During this time, Caesar became the first Roman general to cross both the English Channel and the Rhine River , when he built a bridge across the Rhine and crossed the Channel to invade Britain. Caesar's wars extended Rome's territory to Britain and past Gaul. With the Gallic Wars concluded, the Senate ordered Caesar to step down from his military command and return to Rome. Leaving his command in Gaul meant losing his immunity from being charged as a criminal for waging unsanctioned wars.
After assuming control of government, Caesar began a program of social and governmental reforms, including the creation of the Julian calendar. He gave citizenship to many residents of far regions of the Roman Empire.
He initiated land reform and support for veterans. He centralized the bureaucracy of the Republic and was eventually proclaimed " dictator for life " Latin: " dictator perpetuo " , giving him additional authority. His populist and authoritarian reforms angered the elites, who began to conspire against him. Caesar's adopted heir Octavian, later known as Augustus , rose to sole power after defeating his opponents in the civil war.
Octavian set about solidifying his power, and the era of the Roman Empire began. Much of Caesar's life is known from his own accounts of his military campaigns and from other contemporary sources, mainly the letters and speeches of Cicero and the historical writings of Sallust. The later biographies of Caesar by Suetonius and Plutarch are also major sources. Caesar is considered by many historians to be one of the greatest military commanders in history.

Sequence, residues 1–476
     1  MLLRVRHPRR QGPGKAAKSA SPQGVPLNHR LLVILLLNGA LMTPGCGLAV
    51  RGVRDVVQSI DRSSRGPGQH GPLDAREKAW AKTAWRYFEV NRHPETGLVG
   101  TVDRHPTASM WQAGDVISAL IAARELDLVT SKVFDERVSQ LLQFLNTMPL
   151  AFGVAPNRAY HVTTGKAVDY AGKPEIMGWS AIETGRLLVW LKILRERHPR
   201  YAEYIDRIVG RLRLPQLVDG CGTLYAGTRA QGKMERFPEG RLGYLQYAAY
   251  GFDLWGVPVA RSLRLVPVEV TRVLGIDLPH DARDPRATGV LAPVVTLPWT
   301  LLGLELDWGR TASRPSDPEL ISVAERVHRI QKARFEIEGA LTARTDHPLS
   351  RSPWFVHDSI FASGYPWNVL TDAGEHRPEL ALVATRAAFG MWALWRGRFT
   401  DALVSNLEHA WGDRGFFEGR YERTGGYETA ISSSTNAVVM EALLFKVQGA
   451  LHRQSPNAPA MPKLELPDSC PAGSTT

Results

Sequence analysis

He has frequently appeared in literary and artistic works , and his political philosophy, known as Caesarism , inspired politicians into the modern era.
Gaius Julius Caesar was born into a patrician family, the gens Julia , which claimed descent from Iulus , son of the legendary Trojan prince Aeneas , supposedly the son of the goddess Venus. They were granted patrician status, along with other noble Alban families. Despite their ancient pedigree, the Julii Caesares were not especially politically influential, although they had enjoyed some revival of their political fortunes in the early 1st century BC.
Little is recorded of Caesar's childhood. In 85 BC, Caesar's father died suddenly,  so Caesar was the head of the family at His coming of age coincided with a civil war between his uncle Gaius Marius and his rival Lucius Cornelius Sulla. Both sides carried out bloody purges of their political opponents whenever they were in the ascendancy. Marius and his ally Lucius Cornelius Cinna were in control of the city when Caesar was nominated as the new Flamen Dialis high priest of Jupiter ,  and he was married to Cinna's daughter Cornelia.
Following Sulla's final victory, though, Caesar's connections to the old regime made him a target for the new one. He was stripped of his inheritance, his wife's dowry, and his priesthood, but he refused to divorce Cornelia and was forced to go into hiding.
Sulla gave in reluctantly and is said to have declared that he saw many a Marius in Caesar. Caesar felt that it would be much safer far away from Sulla should the Dictator change his mind, so he left Rome and joined the army, serving under Marcus Minucius Thermus in Asia and Servilius Isauricus in Cilicia. He served with distinction, winning the Civic Crown for his part in the Siege of Mytilene.